This is why many researchers have argued that there is no “objective risk” waiting to be measured because our risk perceptions are inherently subjective, dependent on our understanding of specific dangers (familiar vs. new risks) and on cultural circumstances. Their psychometric studies showed that specific hazards have their unique patterns of highly correlated qualities: involuntary risks are often associated with the dread of new, uncontrollable, and unknown hazards; voluntary hazards are more likely to be perceived as controllable and known to science. Nuclear electricity generation is widely perceived as unsafe, X-rays as tolerably risky.Fatalistic people underestimate risks in order to avoid the effort required to analyze them and draw practical conclusions.
Feelings of dread play an outsized role in risk perception. Terrorist attacks are perhaps the best example of this differentiated tolerance, as fear takes over and drives out rational assessment readily made on the basis of incontrovertible evidence. Because of their unpredictable timing, location, and scale, terrorist attacks rank high on the psychometric scale of dread, and these fears have been intensively exploited by vastly exaggerated pseudo-analyses offered by talking heads on 24/7 news channels: during the past two decades they have speculated on everything from suitcase-sized nuclear bombs detonated in mid-Manhattan to the poisoning of reservoirs used to supply drinking water to large cities and the spraying of deadly engineered viruses.
Compared to such dreaded attacks, driving presents largely voluntary, highly recurrent, and very familiar risks, and accidental deaths involve overwhelmingly (more than 90 percent of cases) only one person per fatal collision. As a result, societies tolerate the global toll exceeding 1.2 million deaths a year, something they would never assent to if it were to take the form of recurrent accidents in industrial plants or collapsed structures (bridges, buildings) in or near large cities, even if the combined annual death toll of such disasters was an order of magnitude smaller—“just” in the hundreds of thousands of fatalities.
Large differences in individual tolerance of risk are best illustrated by the fact that many individuals engage—voluntarily and repeatedly—in activities that others might consider not just too risky but belonging all too clearly to the category of death wish. Base (fixed object) jumping is an excellent example of such an activity, as the slightest delay in opening the parachute may cost a life—a free-falling body reaches fatal velocity in a matter of seconds. And then there is risk tolerance justified by fatalistic beliefs: diseases or accidents are predestined and inevitable, and hence it makes no sense to try enhancing one’s health or preventing mishaps by appropriate personal action.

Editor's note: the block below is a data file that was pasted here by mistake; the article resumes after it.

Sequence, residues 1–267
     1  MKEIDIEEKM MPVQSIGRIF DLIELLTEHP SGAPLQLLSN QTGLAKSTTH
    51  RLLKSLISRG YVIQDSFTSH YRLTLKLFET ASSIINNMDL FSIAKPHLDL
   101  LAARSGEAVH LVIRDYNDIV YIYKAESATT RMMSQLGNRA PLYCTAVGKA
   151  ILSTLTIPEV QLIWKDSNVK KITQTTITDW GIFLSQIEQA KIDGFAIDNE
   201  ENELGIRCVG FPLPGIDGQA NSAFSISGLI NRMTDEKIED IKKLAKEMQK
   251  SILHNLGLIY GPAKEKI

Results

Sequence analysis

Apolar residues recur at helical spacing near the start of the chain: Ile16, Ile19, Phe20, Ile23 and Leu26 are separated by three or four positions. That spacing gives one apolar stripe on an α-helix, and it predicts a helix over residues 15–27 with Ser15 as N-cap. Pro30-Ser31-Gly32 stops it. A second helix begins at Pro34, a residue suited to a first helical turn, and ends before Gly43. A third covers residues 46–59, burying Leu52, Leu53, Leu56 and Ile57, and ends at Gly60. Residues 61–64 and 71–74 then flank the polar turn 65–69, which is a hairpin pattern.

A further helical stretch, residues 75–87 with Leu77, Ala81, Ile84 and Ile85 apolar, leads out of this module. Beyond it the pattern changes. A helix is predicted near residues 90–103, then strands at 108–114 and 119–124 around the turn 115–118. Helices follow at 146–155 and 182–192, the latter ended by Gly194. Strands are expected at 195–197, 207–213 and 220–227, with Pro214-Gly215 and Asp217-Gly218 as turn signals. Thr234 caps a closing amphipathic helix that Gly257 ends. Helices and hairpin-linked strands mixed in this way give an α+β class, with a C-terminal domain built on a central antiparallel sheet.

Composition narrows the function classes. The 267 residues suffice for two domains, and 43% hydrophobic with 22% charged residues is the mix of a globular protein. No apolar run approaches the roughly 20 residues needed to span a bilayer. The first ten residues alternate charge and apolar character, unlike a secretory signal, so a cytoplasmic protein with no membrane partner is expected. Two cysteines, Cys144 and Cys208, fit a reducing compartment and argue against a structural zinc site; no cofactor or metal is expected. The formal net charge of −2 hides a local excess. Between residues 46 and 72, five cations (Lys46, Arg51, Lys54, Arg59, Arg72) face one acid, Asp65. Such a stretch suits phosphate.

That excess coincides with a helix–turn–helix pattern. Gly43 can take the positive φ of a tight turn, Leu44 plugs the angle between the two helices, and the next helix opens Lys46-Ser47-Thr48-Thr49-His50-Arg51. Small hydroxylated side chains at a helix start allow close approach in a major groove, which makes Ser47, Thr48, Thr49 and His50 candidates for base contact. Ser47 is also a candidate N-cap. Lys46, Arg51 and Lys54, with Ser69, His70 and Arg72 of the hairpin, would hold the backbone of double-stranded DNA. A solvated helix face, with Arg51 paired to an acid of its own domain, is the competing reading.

Fatalistic people also underestimate risks in order to avoid the effort required to analyze them and draw practical conclusions, and because they feel totally unable to cope with them. Traffic fatalism has been particularly well studied. Fatalistic drivers underestimate dangerous driving situations, are less likely to practice defensive driving (no distractions, keeping safe trailing distance, no speeding), and are less likely to restrain their children with seat belts or to report involvement in road accidents. Worryingly, studies in some countries found traffic fatalism prevalent among taxi drivers, and pervasive among minibus drivers.
There is little we can do to convert base jumpers into paragons of risk-averse behavior or to convince many taxi drivers that their accidents are not predetermined. But we can use the best available understanding of risks, both of those in everyday life and those that are exceedingly uncommon but potentially deadly, to quantify their consequences and hence to compare their impacts. This is not an easy task, because we have to deal with such a variety of events and processes. Moreover, there is no perfect metric to do so, and there can be no universal yardstick to compare the ubiquitous risks faced daily by billions of individuals with the extraordinarily rare events that may take place just once in a hundred, a thousand, or even ten thousand years, but with catastrophic global consequences.
Excerpted from How the World Really Works: The Science Behind How We Got Here and Where We’re Going by Vaclav Smil, published by Viking.